This week's five questions are with Fraser Anderson, Director of External Relations and Strategic Development at Sage Gateshead, an international music centre and renowned conference and event venue located in the North East of England. It is for artists, for audiences and for the North.
What has been the impact of the crisis on the Arts and Cultural sector?
The most publicly visible impact of the crisis is that our performing and cultural gathering places have gone dark. But behind each and every organisation there’s a different story.
Most not-for-profit arts and culture organisations split their income into three broad categories – earned, which is income from ticket sales and other commercial activity; contributed, which is income from donations; and statutory, which is income from government.
Sage Gateshead is particularly reliant on earned income; this helps to support our building, our people, and our charitable activity. We are a large cultural institution that welcomes over 2 million people each year through our doors, we are one of the largest employers in Gateshead, and last year we worked with 30,000 young people.
Our earned income stopped overnight when the crisis hit, and it will take months, if not years, for levels to recover. This means the financial impact on us is, and will continue to be, very significant. Without support, the work of our organisation will be radically reduced. We are moving heaven and earth to shore up our work, and that’s why we’ve launched a three-year, £3 million fundraising campaign.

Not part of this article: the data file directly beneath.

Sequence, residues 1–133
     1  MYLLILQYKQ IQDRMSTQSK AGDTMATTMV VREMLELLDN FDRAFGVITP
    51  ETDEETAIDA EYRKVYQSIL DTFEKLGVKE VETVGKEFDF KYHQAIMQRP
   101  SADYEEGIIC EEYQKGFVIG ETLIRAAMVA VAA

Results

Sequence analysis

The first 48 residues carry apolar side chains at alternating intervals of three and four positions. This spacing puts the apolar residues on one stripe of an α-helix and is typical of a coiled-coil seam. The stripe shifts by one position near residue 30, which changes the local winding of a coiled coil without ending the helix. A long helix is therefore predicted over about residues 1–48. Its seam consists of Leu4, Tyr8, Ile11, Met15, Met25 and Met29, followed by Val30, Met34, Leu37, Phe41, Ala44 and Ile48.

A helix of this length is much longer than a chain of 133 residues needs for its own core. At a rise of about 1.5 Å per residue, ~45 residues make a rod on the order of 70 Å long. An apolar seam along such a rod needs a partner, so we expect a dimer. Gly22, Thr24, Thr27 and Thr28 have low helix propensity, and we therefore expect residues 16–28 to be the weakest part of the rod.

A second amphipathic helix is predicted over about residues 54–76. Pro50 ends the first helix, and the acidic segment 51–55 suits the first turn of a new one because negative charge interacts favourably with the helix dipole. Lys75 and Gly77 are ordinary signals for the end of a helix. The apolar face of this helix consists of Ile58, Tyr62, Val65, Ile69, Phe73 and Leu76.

There’s also been an emotional impact. The arts help society and individuals to make sense of the world, they heal people, and they rebuild communities. What we do creates tangible benefits whether people engage directly or not, improving mental health, educational attainment and social cohesion, for example. Right now, our ability to perform this role is severely curtailed. During a time of national crisis and recovery, all our instincts tell us to start creating and performing again, but for the most part that’s simply impossible. Being without that capacity has been difficult to come to terms with.
The government’s recently announced support package is very welcome news.It’s a hugely important part of the jigsaw puzzle that will ensure our recovery, but it’s only one element. We still have a huge amount of work to do as an organisation, and our fundraising efforts remain urgent.
How does the impact compare to other regions?
This crisis has shone a light on existing inequalities across our country. The North East faces long-term economic and social challenges that are well understood. As we stare down a relatively short path towards a potential worsening of existing regional inequalities, we think this is a moment to make change.
Whilst the arts and culture sector has specific needs and generates particular value, in one important sense we are no different to other sectors of the regional economy. What happens next in terms of investment in the North East will be of pivotal importance to us. Across the world there are countless examples of arts and culture being an essential, if not determining, factor in a city or region’s economic and cultural regeneration.